Time really flies. It has been almost twenty years since Nicole Kidman and Jane Campion unveiled “The Portrait Of A Lady,” and now it looks like the actress and director are going to finally reteam, marking Campion’s first effort behind the camera since the excellent miniseries “The Top Of The Lake.” And while the reunion is certainly welcome, it has extra resonance given the current conversation in Hollywood regarding the lack of female voices both in front and behind the camera, which is not lost on Kidman.
“There’s a sense of intimacy that doesn’t have to be earned when you work with a woman. And there’s a dialogue that you can have that’s probably just probably deeper and more raw,” she explained on The Diane Rehm Show. “And I’ve worked with Jane Campion, very early in my career I worked with a woman named [unintelligible] [and] I’m about to work with Jane again next year.”
Kidman doesn’t reveal what the project is, but it’s a safe bet that it’s the Scott Rudin produced adaptation of Rachel Kushner‘s 2013 National Book Award finalist “The Flamethrowers.” Campion has been attached to the project since last spring and doesn’t seem to have much else on her slate. Here’s the book synopsis:
In her smash-hit debut, Telex from Cuba (2008), Kushner took on corporate imperialism and revolution, themes that also stoke this knowing and imaginative saga of a gutsy yet naive artist from Nevada. Called Reno when she arrives in New York in 1977, she believes that her art has “to involve risk,” but she’s unprepared for just how treacherous her entanglements with other artists will be. Reno’s trial-by-fire story alternates provocatively with the gripping tale of Valera, an Italian who serves in a motorcycle battalion in WWI, manufactures motorcycles, including the coveted Moto Valera, and makes a fortune in the rubber industry by oppressing Indian tappers in Brazil. These worlds collide when Reno moves in with Sandro Valera, a sculptor estranged from his wealthy family, and tries to make art by racing a Moto Valera on the Bonneville Salt Flats. Ultimately, Reno ends up in Italy, where militant workers protest against the Valeras. As Reno navigates a minefield of perfidy, Kushner, with searing insights, contrasts the obliteration of the line between life and art in hothouse New York with life-or-death street battles in Rome. Adroitly balancing astringent social critique with deep soundings of the complex psyches of her intriguing, often appalling characters, Kushner has forged an incandescently detailed, cosmopolitan, and propulsively dramatic tale of creativity and destruction.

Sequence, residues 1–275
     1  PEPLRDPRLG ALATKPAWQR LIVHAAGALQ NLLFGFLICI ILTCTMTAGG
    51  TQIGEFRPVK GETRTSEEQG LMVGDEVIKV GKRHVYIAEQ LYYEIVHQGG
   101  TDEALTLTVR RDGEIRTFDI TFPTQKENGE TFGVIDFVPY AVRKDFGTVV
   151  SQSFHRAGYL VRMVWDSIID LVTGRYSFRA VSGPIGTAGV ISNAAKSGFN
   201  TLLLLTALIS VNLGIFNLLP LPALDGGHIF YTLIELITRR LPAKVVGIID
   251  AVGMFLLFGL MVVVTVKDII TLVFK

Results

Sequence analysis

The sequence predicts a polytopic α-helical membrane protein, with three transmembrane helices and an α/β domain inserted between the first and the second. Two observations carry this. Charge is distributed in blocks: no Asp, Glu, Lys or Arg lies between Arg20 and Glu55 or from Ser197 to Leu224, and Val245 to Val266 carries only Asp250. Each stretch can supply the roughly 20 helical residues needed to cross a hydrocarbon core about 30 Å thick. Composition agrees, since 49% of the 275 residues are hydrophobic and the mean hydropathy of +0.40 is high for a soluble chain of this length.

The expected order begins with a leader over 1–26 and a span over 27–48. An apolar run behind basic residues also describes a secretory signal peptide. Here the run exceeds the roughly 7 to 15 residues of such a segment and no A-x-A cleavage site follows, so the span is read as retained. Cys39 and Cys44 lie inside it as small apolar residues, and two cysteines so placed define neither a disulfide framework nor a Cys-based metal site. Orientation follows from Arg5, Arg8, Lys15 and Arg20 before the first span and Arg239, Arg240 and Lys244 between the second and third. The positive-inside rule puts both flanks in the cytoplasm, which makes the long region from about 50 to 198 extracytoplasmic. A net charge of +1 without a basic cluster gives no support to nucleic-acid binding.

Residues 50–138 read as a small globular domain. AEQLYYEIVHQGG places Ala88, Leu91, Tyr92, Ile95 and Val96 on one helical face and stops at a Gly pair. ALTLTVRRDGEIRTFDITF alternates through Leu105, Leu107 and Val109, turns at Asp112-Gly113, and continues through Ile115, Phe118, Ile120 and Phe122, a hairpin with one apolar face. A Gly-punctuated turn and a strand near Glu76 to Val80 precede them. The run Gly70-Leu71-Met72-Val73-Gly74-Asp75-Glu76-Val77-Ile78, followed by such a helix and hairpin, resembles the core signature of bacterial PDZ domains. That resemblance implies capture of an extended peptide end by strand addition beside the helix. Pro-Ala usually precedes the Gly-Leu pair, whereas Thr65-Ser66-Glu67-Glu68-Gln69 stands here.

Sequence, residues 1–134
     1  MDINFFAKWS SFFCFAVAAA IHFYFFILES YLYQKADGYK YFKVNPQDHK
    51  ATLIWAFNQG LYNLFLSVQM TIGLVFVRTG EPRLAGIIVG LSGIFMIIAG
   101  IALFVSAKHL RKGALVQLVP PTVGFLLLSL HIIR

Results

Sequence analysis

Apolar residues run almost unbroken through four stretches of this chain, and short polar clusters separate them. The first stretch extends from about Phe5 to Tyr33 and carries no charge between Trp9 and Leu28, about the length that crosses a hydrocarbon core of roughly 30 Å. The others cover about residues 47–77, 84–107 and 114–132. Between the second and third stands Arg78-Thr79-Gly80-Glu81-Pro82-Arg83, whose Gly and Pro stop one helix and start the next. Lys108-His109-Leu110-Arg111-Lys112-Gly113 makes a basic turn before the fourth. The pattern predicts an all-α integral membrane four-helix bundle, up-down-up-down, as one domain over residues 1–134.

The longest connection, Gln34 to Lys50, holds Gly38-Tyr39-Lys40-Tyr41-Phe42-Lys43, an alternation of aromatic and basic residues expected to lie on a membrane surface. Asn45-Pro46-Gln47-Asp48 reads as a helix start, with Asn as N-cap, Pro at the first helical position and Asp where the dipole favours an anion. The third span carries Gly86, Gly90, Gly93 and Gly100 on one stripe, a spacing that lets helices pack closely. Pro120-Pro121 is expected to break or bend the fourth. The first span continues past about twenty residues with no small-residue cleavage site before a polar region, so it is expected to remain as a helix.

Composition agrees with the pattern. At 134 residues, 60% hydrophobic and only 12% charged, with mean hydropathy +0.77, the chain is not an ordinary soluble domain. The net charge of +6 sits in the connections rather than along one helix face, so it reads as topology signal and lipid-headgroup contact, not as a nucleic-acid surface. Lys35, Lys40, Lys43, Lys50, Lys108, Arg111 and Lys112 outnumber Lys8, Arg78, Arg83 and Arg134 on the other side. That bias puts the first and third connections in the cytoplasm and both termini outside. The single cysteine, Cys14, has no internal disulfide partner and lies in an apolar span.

Kidman wants to see women encouraging each other to get these kinds of projects developed. “That’s our job as women, as we age, to support each other and build a sisterhood so that in terms of these stories reaching out, they find their place,” she said. “The great thing about the industry now is there’s so many other places to make —you don’t just have to make a film that appears in cinemas. You can make films for TV, you can make films for Netflix that are then seen worldwide. I mean, there’s so many avenues now. But we do need the group of people that are going to say these stories are so relevant and so important not only for our generation but the next generation.”
Strong words indeed, and backed up by Kidman herself as she preps to work with Campion. Check out the full Diane Rehm Show episode below.